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Exclusive: Ryanair secretly scrambles to train pilots in Scotland

CRISIS-HIT Ryanair has been secretly training pilots at Prestwick Airport – after throwing the travel plans of countless Scots into chaos.

The airline has massively racked-up its flight training programme after being hit by a crippling shortage of pilots.

It is hoping to bolster flight crew staff numbers as quickly as possible, after cancelling vital flights between Scotland and London over the winter.

Last week The Sunday Post watched as Ryanair attempted to put the turbulence of recent days behind it by doubling its trainee flight numbers.

Fresh new recruits were put through their paces at Prestwick Airport, where they made repeated take-offs and landings in Boeing 737s, their flight patterns picked up by radars showing them doing loops of the Ayrshire transport hub.

The scramble to train the new wave of pilots followed Ryanair’s cancellation of 18,000 commercial flights between November this year and March 2018, affecting 400,000 people, who have accused the firm of “cancelling Christmas”.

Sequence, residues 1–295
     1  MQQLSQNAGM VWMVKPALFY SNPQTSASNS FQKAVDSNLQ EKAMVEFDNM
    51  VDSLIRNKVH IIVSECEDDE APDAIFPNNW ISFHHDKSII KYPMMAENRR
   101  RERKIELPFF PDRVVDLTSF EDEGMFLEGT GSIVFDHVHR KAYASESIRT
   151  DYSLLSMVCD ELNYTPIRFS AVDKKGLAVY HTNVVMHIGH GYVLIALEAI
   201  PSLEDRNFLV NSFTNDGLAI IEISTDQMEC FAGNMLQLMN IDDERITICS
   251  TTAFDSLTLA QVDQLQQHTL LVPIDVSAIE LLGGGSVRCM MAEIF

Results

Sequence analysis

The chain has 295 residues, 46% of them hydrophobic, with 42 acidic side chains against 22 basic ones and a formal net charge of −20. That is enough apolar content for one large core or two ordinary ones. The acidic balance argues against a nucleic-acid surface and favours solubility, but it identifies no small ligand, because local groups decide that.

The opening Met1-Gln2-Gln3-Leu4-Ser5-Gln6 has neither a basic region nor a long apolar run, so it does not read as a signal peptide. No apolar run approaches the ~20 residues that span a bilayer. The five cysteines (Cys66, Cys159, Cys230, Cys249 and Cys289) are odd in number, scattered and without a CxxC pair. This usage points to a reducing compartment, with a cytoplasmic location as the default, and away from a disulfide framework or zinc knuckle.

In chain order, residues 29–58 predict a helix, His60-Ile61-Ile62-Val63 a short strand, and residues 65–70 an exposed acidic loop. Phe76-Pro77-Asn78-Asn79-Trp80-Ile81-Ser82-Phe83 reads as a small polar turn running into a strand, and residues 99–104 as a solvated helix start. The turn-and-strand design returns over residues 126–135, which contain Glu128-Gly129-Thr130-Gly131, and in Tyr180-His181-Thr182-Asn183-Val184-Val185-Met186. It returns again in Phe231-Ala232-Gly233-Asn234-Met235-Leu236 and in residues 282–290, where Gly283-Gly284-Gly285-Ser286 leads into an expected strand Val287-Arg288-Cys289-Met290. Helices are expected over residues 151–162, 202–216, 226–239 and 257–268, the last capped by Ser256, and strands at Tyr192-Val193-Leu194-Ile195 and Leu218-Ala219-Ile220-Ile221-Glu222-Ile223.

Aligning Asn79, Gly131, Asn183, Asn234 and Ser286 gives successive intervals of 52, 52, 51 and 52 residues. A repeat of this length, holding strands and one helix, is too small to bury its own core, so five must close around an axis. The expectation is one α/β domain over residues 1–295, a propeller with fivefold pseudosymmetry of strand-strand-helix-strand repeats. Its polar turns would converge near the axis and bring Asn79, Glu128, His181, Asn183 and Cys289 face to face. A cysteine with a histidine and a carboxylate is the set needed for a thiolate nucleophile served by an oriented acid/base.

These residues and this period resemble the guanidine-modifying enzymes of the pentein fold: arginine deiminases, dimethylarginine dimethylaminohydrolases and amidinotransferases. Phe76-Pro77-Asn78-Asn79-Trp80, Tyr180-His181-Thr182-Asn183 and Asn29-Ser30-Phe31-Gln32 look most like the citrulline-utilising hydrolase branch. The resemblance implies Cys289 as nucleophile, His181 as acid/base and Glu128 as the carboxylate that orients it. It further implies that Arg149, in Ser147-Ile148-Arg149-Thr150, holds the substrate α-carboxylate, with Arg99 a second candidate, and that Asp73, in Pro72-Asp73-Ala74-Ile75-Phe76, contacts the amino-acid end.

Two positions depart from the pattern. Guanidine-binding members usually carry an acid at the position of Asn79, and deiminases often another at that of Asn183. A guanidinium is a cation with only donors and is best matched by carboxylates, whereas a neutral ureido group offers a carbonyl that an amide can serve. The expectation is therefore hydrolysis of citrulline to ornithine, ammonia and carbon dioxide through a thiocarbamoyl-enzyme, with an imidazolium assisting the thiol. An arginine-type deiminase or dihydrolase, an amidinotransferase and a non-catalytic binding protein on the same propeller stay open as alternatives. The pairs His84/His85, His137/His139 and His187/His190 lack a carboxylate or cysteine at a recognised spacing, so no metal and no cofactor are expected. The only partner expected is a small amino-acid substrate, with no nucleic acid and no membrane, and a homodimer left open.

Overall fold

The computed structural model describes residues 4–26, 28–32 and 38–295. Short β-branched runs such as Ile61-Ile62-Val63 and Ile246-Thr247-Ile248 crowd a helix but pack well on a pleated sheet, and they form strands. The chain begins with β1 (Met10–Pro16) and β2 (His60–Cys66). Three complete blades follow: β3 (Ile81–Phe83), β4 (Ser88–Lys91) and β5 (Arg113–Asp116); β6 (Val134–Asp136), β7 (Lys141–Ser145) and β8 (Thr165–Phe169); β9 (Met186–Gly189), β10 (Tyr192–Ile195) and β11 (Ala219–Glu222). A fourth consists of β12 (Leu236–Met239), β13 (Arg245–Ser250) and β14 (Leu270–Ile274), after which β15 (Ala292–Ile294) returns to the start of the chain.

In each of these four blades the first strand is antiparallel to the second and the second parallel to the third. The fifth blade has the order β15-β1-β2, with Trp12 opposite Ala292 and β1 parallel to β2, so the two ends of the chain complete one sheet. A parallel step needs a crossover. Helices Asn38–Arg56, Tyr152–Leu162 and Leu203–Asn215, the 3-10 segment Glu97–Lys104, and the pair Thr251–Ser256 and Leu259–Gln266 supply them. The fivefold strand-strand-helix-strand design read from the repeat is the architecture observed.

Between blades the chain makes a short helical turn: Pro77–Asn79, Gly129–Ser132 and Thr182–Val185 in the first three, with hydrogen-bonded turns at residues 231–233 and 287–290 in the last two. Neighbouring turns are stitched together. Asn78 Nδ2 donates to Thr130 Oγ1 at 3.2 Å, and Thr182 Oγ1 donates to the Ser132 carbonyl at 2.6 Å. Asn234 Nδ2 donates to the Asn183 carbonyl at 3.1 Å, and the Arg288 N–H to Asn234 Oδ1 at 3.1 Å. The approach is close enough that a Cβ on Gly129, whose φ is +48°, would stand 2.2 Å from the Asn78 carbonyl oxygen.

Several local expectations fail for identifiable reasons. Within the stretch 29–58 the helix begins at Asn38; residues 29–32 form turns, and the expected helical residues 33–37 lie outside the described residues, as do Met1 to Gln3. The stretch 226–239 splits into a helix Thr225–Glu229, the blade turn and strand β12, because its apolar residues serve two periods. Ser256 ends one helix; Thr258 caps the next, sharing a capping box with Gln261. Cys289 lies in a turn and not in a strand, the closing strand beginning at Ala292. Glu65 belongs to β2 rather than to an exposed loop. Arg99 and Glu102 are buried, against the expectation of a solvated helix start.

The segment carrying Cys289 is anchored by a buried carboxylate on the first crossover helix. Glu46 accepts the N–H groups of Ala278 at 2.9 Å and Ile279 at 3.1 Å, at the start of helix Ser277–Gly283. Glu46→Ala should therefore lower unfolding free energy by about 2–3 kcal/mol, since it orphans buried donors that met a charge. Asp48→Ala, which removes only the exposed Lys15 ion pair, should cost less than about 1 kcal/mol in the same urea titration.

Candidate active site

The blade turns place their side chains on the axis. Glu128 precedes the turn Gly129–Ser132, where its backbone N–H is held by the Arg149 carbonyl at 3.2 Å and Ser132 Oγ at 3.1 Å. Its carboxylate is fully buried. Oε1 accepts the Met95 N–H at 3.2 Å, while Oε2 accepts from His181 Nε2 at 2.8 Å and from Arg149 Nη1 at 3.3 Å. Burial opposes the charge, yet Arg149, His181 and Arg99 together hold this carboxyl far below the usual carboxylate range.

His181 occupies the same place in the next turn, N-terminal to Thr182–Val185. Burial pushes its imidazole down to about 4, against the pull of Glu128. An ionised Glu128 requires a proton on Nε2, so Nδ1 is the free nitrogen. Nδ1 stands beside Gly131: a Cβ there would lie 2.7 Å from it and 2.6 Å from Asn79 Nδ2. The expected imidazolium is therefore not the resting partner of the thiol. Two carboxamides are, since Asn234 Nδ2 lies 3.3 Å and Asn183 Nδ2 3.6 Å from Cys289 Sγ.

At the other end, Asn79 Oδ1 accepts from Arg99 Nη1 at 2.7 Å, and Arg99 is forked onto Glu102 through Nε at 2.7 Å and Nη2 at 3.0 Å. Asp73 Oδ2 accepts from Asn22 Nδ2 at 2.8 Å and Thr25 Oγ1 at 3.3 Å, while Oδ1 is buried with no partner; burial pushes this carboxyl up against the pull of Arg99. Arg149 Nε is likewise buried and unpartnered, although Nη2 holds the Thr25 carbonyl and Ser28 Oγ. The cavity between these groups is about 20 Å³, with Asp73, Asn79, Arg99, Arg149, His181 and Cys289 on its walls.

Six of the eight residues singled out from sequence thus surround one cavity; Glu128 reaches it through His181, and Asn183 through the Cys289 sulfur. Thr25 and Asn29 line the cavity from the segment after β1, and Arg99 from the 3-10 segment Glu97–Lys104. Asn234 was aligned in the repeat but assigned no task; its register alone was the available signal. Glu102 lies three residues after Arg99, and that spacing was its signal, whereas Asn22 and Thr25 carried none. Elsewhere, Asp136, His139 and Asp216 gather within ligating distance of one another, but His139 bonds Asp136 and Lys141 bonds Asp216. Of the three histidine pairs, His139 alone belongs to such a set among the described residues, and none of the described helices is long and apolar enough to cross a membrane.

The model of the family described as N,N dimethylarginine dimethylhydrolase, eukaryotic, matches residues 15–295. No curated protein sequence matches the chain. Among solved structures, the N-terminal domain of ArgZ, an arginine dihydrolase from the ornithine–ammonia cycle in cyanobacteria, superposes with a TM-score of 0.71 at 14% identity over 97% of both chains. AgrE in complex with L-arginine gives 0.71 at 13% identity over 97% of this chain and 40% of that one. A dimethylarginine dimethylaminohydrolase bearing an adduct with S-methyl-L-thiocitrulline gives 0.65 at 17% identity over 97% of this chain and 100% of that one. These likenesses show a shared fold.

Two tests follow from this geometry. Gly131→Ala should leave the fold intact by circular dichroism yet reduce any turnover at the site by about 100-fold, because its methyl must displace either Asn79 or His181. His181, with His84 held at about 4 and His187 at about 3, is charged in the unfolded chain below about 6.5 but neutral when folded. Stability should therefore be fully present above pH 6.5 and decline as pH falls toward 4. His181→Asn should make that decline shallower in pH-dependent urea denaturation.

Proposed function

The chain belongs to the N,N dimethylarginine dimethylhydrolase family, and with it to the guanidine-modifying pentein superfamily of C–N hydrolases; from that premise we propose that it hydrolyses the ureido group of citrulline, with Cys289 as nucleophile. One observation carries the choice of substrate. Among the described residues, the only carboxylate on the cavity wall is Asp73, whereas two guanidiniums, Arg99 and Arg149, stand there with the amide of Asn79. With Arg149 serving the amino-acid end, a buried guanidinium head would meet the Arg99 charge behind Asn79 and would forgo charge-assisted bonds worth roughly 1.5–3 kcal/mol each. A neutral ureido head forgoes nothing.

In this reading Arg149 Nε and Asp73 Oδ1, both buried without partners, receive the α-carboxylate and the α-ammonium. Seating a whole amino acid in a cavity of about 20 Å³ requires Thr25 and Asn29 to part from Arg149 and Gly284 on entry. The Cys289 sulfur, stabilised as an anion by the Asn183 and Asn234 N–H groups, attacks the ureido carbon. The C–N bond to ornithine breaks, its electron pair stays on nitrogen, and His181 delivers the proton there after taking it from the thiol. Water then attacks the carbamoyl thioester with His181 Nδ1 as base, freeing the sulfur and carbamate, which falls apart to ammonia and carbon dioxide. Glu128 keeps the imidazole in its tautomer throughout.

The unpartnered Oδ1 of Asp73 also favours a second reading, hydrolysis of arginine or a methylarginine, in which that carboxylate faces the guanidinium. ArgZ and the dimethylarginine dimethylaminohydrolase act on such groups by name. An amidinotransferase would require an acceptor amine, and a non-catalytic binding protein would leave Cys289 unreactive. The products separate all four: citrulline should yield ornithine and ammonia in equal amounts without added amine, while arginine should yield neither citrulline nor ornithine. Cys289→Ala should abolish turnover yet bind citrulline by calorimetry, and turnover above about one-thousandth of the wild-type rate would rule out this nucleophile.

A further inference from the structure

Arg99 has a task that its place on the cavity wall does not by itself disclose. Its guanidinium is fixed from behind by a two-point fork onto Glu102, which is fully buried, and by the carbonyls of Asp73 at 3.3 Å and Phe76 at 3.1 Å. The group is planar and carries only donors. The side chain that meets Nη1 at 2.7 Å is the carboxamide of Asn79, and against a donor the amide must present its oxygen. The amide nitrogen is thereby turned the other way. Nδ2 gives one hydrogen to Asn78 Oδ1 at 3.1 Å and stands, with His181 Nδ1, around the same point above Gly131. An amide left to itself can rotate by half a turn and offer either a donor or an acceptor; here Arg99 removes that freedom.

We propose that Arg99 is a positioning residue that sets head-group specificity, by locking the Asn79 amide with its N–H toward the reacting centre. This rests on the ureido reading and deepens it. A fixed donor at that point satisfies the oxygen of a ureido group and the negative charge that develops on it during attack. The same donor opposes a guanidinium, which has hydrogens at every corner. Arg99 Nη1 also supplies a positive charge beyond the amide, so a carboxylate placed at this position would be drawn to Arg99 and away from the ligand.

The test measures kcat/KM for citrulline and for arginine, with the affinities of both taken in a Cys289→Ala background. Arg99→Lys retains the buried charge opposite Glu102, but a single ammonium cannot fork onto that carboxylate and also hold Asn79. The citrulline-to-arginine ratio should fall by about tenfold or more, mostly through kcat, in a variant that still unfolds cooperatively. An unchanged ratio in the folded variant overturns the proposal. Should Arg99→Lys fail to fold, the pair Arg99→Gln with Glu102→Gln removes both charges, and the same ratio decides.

On Wednesday last week, two Ryanair Boeing 737s practised flying manoeuvres for hours at Prestwick Airport.

Ryanair Boeing 737-700 fast track training pilots at Prestwick Airport Scotland (Jamie Williamson)


One after another, the two planes flew off the Prestwick runway and circled around the airport in a loop before returning to the ground briefly – they then repeated the circuit six times before swapping pilots.

This continued throughout the morning until 12pm, when the planes refuelled before resuming.

There were multiple would-be pilots on the jet, taking it in turn to complete circuits of Prestwick.

Each year Ryanair puts pilots through “base training” at Prestwick and East Midlands Airport to prepare them for commercial flying.

Base training is one of the final stages of becoming a commercial pilot, where trainees get to practise flying commercial airliners for real, many after spending countless hours in simulators.

Each pilot is required to complete six circuits, involving take-offs and landings, without any passengers on board. In previous years Ryanair has normally used just one aircraft for this type of training.

Can Ryanair ever bounce back from flights shambles?

An experienced pilot said: “They would only ever use one plane when doing base training.”

The fact there were two planes on Wednesday suggests the Irish carrier is desperate to overcome its very public flight cancellation problem.